5. Pour in the mixture into the ice-cream maker according to manufacturer’s instructions. It will take about 35-45 minutes and it is ready to be served. If you like the ice-cream firmer, place the ice-cream in the freezer for an extra 1 hour.

References:
http://www.youtube.com/watch?v=ramzEoBjcV4
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Chocolate Pudding/Chokolade Puding/巧克力布丁 [qiǎo kè lì bù dīng]


Ingredients:
- 1 ripe avocado
- 4 dried dates
- 2 TBS chocolate powder or carob powder (without caffeine, suitable for kids)

Directions:
1. Simply blend all ingredients in a mini blender until the mixture is smooth & creamy and serve.

Tip:
You can top it with fruits to make it more colourful.

Shelf Life:
Keep well for 2-3 days in the fridge.

References:
The Raw Food Coach
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Mocha Pudding/Mocha Kaffe puding/摩卡咖啡布丁[Mò chá kā fēi bù dīng]


Ingredients:
- 1 ripe avocado
- 4 dried dates
- 1 tsp Nestle instant coffee powder

Directions:
1. Simply blend all ingredients in a mini blender until the mixture is smooth & creamy and serve.

Shelf Life:
Keep well for 2-3 days in the fridge.

Note:
This sweet treat is not for kids, as it contains caffeine.
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Home-made Chocolate/Chokolade/巧克力 [qiǎo kè lì]

Preparation and Cooking Time: 1 minute

Indgredients:
- 1 tsp of real pure cacoa nibs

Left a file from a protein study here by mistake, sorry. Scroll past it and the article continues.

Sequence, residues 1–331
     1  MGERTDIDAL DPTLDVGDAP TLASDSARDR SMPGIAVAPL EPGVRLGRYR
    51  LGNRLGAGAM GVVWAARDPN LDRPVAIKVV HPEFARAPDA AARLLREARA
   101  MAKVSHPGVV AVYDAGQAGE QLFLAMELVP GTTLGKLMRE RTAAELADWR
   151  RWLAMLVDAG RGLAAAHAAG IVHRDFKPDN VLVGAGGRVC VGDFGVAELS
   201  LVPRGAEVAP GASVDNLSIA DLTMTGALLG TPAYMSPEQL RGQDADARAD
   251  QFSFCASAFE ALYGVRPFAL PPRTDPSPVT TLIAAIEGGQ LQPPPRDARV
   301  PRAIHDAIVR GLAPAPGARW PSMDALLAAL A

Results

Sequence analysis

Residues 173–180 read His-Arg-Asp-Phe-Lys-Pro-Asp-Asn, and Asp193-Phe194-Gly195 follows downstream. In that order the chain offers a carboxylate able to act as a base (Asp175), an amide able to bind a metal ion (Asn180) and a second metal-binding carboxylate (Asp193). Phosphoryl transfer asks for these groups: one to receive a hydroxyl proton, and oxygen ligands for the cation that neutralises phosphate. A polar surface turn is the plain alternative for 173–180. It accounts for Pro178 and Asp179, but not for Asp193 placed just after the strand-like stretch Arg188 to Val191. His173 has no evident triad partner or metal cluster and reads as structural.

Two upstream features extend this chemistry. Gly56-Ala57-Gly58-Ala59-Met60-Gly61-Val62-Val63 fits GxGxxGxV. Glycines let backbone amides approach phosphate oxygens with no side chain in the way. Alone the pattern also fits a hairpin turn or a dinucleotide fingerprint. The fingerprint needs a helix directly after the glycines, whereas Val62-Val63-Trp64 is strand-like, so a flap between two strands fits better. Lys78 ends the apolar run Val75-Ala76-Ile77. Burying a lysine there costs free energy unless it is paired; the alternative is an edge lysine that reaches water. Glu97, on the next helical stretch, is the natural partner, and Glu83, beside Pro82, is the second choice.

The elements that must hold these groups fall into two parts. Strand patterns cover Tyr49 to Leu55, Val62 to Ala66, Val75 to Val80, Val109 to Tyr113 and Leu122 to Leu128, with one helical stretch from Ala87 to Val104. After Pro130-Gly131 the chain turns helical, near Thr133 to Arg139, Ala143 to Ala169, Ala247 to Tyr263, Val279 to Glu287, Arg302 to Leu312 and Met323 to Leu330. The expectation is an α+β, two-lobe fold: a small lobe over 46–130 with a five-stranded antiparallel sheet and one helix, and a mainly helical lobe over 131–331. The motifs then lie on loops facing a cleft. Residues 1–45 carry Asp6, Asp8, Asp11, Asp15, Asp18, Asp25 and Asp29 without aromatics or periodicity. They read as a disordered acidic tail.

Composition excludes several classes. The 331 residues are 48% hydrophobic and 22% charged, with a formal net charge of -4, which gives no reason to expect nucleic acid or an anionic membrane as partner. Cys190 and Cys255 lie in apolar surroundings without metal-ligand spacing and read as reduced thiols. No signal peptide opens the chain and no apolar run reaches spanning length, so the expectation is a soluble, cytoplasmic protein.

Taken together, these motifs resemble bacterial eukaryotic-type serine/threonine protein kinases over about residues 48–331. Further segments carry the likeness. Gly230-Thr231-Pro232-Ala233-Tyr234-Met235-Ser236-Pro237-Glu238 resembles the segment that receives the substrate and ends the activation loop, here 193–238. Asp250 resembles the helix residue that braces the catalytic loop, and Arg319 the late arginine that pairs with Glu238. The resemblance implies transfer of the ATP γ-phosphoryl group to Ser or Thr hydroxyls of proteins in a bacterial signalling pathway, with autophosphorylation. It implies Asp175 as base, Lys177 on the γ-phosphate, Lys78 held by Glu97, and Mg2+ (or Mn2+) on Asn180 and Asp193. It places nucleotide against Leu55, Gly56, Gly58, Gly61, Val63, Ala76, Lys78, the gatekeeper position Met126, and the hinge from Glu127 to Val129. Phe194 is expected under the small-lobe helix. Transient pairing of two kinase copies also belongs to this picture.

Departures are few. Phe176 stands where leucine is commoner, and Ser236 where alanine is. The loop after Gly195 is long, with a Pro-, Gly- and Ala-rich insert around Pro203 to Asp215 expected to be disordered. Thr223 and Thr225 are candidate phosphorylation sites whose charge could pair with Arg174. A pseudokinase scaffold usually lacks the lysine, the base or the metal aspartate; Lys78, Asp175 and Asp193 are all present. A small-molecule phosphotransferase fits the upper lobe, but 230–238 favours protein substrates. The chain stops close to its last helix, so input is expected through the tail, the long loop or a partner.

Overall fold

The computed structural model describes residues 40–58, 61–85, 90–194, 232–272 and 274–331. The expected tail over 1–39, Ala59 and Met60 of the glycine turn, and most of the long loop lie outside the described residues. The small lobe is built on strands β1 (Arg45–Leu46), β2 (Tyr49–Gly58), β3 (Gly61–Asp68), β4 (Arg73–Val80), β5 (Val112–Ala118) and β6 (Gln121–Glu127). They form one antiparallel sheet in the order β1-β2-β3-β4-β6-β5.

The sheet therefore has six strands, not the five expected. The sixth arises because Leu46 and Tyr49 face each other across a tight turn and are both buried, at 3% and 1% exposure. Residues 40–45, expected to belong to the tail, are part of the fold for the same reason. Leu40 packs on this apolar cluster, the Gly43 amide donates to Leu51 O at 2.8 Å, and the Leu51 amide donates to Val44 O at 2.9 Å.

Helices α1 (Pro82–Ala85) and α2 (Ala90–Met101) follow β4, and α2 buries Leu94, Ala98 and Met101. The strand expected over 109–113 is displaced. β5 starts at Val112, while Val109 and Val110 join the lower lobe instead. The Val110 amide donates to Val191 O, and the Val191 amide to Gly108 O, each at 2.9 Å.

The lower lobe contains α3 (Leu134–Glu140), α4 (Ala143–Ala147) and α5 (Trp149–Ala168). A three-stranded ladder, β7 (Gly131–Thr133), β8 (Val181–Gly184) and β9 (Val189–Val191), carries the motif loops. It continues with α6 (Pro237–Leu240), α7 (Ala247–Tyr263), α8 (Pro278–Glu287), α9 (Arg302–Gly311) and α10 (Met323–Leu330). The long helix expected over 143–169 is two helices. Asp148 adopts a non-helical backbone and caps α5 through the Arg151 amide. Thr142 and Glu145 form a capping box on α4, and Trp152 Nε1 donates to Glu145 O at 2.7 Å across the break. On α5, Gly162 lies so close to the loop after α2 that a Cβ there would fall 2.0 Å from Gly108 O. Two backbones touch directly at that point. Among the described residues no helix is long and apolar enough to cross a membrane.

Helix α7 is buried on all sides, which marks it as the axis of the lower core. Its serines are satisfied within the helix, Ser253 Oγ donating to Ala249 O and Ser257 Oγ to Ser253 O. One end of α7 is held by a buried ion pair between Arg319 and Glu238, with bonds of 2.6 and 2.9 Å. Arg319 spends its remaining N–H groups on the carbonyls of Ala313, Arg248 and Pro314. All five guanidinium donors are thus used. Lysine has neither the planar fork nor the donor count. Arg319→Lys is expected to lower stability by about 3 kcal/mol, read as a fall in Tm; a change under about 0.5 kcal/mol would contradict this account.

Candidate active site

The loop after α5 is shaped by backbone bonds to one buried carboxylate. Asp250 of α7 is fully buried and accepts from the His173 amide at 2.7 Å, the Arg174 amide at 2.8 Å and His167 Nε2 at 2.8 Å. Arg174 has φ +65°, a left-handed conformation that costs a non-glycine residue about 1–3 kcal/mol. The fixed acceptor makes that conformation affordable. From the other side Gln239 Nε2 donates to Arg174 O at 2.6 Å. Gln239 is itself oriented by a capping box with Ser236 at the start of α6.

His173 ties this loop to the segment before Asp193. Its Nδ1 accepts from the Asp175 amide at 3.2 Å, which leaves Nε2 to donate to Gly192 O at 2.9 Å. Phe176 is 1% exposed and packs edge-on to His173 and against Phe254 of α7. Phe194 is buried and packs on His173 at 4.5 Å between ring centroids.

- 1 handful of real hazelnuts (10 - 12)
- 1 tsp of organic hazelnut butter
- 1 dried date

Directions:
Mix together and blend in a mini-blender for a few seconds. Enjoy your “homemade” and healthy chocolate.

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Additional Information:
After making my own chocolate drink, I was thinking... hey, why not try to make my own chocolate. I didn’t think that I will succeed, but no harm trying. This was my first attempt and it was one of those few times that I hit it right right away! Thus, I hurried to type down the proportions before I forget. It doesn’t look as nice as the commercial chocolate, but it tastes just as good and way healthier, without any food preservatives. Now I can snack on my chocolate without feeling too guilty :-)
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Matcha Green Tea Latte/Macha Grøn Te Latte/绿茶拿铁[lǜ chá ná tiě]



Preparation and cooking time: 1 minute

Indgredients:
- 1 TBS Matcha green tea powder
- 1 dried date
- 1/4 cup of cashew nuts
- 1 cup of fresh skimmed or low-fat milk

Directions:
Mix together and blend in a mini-blender for a few seconds. Pour into glass and serve or drink directly.

Nutritional value:
Green tea is known to be very good for health due to its antioxidant properties.

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Additional Information:
I tried to make this for the first time today using my own recipe. And it tasted very nice. I am so happy :-) Yummy, yummy, yummy.

References:
http://www.youtube.com/watch?v=ramzEoBjcV4

http://www.hibiki-an.com/
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Avocado Milkshake/牛油果奶昔[niú yóu guǒ nǎi xī]



Preparation Time: 5 minutes

Ingredients:
- 1/2 avocado
- 1 cup of fresh skimmed or low-fat milk
- 1 tps of maple syrup or condensed milk or 2 dried dates to sweeten (if not, some sugar will work too)
- 4 ice-cubes (optional)

Directions:
Mix together and blend for a few seconds. Pour into glass and serve or drink directly.

-------------------------------------------------------------------